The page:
PARIS (Reuters) - The head of the Bank of France said on Monday that the country’s economic growth could reach 1.7 percent for 2017, up from previous estimates and bringing it into line with other, similar official forecasts.
Bank of France governor Francois Villeroy de Galhau made the forecast in an interview published on Monday in regional newspaper Midi Libre, in which he highlighted the importance of economic reforms for the country.
The 1.7 percent forecast compared to an estimate of 1.6 percent growth given in July and 1.4 percent in June.
“The economic recovery cannot be doubted. It is happening throughout Europe, including France. However, in our country, growth is not yet strong enough,” said Villeroy de Galhau.
“This year, it could reach 1.7 percent. That would still put it below the average for the euro zone, which stands at over 2 percent. This underperformance highlights one imperative - we must take advantage of the recovery to step up reforms in France, so that we can bring up our growth level to that of our European neighbours, who have succeeded in this area,” he added.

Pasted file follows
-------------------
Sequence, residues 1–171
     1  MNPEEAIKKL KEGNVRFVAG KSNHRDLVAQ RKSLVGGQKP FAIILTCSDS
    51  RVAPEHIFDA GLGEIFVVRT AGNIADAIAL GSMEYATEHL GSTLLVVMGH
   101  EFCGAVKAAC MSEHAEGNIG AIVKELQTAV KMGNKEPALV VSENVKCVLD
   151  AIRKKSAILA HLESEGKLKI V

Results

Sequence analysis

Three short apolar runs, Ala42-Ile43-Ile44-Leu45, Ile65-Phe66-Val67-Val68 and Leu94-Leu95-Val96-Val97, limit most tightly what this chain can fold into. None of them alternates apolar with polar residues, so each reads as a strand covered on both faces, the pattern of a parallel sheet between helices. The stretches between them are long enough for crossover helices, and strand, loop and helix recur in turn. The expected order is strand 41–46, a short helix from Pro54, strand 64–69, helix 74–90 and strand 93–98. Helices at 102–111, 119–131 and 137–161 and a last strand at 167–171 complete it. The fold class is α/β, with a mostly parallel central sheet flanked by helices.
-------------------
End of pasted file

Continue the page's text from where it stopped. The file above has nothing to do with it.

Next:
The updated forecast from the head of the Bank of France brings it into line with similar estimates on French economic growth for 2017 from the government, while the OECD this month also moved up its forecast for France’s 2017 economic growth to 1.7 percent from 1.3 percent previously.
Last week, the International Monetary Fund (IMF) said Macron’s success in overhauling the economy would hinge on reining in government spending, the highest among developed countries at over 56 percent of gross domestic product.
Reporting by Sudip Kar-Gupta; Editing by Leigh Thomas